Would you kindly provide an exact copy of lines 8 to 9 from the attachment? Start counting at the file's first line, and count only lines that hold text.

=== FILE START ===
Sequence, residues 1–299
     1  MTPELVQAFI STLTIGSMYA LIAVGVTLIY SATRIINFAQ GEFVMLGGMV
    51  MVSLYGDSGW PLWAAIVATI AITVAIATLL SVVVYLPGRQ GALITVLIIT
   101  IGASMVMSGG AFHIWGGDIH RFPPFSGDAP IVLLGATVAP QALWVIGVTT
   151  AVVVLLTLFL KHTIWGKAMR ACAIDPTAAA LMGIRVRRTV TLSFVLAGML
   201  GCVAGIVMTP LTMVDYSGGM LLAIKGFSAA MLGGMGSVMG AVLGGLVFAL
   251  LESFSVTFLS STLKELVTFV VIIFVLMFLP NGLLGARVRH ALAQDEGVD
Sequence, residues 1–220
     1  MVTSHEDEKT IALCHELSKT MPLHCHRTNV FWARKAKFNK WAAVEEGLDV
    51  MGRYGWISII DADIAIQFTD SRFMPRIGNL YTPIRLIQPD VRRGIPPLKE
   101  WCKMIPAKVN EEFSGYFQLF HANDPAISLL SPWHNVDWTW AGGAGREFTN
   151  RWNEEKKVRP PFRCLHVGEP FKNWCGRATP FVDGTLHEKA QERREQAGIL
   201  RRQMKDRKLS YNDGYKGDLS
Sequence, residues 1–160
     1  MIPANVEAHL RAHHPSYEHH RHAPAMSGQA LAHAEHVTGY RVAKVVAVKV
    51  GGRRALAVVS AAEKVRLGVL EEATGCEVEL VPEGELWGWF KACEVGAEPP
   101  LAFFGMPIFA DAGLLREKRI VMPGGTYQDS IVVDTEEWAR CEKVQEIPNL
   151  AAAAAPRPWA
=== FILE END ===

Sequence, residues 1–220
     1  MVTSHEDEKT IALCHELSKT MPLHCHRTNV FWARKAKFNK WAAVEEGLDV